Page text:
Marten Mickos recently wrote a guest post on GigaOM titled: “For developers, the cloud means having to rethink everything they know about making software.” Mickos raised some very good points. He listed five ways in which cloud computing will force developers to rethink their way of doing business:
- Scaling: the cloud scales by scaling out, by adding multiple machines of the same type.
- Resilience: the hardware is the weak link, and software must accommodate its unexpected failures.
- Bursting: the load on servers is often unpredictable, and software must be able to accommodate sudden increases in load.
- Software variety: Apps can nowadays use many different languages.
- “From VM to cloud”: virtual machines in the cloud are “compute units” rather than replicas of physical machines.
But will all of these statements be true for astronomers wishing to use the cloud? I don’t think that they necessarily are. Many applications in astronomy are data driven, workflow applications which in some ways fit naturally into the cloud computing paradigm. By workflow applications, I mean applications where the output from one component becomes the input to the next: pipelines are a very good example of this.
Many such apps scale horizontally quite naturally. One of may favorite apps, the Montage image mosaic engine, illustrates the point (Disclosure; I am the technical lead for Montage). The figure below shows the data flow for Montage, which was designed as a toolkit with separate modules to perform each step in the processing, from reprojection to co-addition:
The input data files on the left can be ingested and processed over many different machines, and their output in turn ingested into the next component. But Montage was designed to scale horizontally in this way, and herein is the key: if workflow apps are designed to run in parallel in this fashion, then running them on a cloud platform need not be that difficult. Moreover, we designed it to use generic components that run under common flavors of Linux. All the modules run on the Linux command line – no special or commercial environment is needed, so they can wrapped in astronomers’ scripts and programs.
Now, Montage was written by professional software engineers, and was developed as a collaboration between scientists and IT specialists. This is a very good model for developing a distributed application. While many scientists are not schooled in developing on distributed platforms, I think that in this age of big data many more will need to do so. And that is starting to happen. I read only yesterday on iSGTW how Peter Bui at U. Wisconsin is introducing high-throughput computing to his undergraduate Python class, in response to undergraduates’ growing need to develop distributed computing needs. And the Software Carpentry project, and others, are hosting successful Boot Camps, immersive classes on software practices.
So, given this advancement of expertise, and given that you have your app ready to roll, how do you get it up and running on the cloud? Bear on mind that cloud providers give you the VM’s and keep them running, but the rest is up to you – configuring machines, loading data, managing your environment and so on. There are two broad approaches: adapt applications to new computing models in cloud (e.g. MapReduce) or adapt the cloud to recreate the environment in which the app runs – a virtual cluster. Both approaches will work just fine, so let’s take a look them.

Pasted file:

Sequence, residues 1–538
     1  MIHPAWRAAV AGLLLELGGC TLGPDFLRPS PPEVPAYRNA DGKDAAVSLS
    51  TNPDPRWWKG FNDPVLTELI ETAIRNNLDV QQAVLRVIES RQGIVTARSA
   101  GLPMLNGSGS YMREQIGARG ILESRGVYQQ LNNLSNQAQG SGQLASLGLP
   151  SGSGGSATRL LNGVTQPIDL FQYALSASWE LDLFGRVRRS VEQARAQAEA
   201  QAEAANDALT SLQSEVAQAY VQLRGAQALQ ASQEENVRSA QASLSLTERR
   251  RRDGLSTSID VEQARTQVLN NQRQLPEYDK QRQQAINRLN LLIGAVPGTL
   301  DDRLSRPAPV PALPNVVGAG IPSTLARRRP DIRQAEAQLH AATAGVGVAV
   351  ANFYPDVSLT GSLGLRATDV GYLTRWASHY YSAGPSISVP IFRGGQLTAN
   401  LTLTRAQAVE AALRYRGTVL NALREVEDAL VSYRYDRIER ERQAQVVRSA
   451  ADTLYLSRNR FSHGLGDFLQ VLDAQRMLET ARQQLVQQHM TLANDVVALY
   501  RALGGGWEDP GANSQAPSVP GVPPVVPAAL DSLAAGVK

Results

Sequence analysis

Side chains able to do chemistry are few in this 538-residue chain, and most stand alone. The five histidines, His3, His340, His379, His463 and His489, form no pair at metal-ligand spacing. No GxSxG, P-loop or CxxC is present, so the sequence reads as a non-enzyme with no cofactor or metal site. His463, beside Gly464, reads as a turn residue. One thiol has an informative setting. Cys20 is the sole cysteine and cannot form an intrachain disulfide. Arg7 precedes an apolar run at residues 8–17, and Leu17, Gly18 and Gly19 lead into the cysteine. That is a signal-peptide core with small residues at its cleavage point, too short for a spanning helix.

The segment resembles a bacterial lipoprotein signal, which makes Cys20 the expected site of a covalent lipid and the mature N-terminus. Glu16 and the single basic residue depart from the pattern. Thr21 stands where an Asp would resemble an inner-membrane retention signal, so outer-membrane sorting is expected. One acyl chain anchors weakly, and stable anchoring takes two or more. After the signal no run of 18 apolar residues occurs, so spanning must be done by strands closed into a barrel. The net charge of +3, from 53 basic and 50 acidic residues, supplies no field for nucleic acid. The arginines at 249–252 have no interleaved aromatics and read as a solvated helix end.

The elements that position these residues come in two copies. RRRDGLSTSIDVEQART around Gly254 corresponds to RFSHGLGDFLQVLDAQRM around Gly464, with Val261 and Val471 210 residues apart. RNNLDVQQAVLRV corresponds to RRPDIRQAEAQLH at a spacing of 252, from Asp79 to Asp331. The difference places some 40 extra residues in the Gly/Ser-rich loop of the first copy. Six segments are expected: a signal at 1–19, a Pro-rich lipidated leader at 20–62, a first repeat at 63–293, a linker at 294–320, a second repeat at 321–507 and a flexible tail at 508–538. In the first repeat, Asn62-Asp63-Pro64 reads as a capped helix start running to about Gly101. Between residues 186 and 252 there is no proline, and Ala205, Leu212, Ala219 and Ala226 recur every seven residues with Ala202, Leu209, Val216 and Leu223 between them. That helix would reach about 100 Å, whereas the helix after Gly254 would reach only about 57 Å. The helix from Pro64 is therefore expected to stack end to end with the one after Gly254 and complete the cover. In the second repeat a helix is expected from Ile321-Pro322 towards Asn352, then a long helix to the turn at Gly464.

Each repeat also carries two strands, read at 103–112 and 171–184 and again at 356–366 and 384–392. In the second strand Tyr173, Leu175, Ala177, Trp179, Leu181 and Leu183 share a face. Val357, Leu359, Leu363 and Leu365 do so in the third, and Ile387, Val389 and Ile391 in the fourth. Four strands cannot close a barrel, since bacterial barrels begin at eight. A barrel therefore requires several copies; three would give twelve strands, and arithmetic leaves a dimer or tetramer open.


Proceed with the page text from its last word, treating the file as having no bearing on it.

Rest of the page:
- Adapt applications – That is, run apps in new computing models of the cloud. And example is MapReduce frameworks such as Hadoop. Briefly, Map partitions the input into smaller sub-problems, and distributes them to worker nodes; when the jobs running under Map are done, Reduce collects answers to sub-problems and combines them to form the output. A fine paper on this topic is by Wiley et al. (2011) “Astronomy in the Cloud: Using MapReduce for Image Co-Addition” PASP, 123, 366, who performed co-adds of 1ooK SDSS (20 TB) images in 3 minutes on 400 cores. The performance is impressive, but they had to spend a lot of effort adapting co-addition to the Hadoop.
- The second approach overcomes the overhead in adaptation by creating an environment tailored to run the app. It involves taking an abstract description of a workflow and making it portable. There are tools called workflow management systems that do the heavy lifting for you. The one I have used is called Pegasus, a powerful and mature system developed at ISI, USC. By design, it maps the workflow onto concrete resources and provisions them, manages failures, optimizes and monitors performance, and provides scalability. The overhead comes in installing in configuring the Pegasus environment, and defining the workflow that Pegasus will implement.
Both approaches work fine, but I think for many scientists the second approach may prove more attractive. It takes advantage of the elasticity and flexibility offered by the cloud, and it doesn’t require you to adapt your application code.
So, do we have to rethink software development? For a lot of workflow apps, no – it is possible to write apps that will run on various platforms, and there are tools that will manage running them on the cloud. So, there are new skills to learn, but there doesn’t have to be wholesale changes in the way we develop apps if we put in some effort upfront to design them to run on parallel architectures.
Now, one item that Mickos does not mention is cost. Clouds are pay-as-you-go, and providers charge separately for transfers, processing and so on. And of course tariffs change with time, so it is important to do a cost benefit analysis before diving in. Under current tariffs, apps that involve lots of I/O – and Montage is one of these – can prove very expensive in your are handling large data volumes and storing them long-term on the cloud.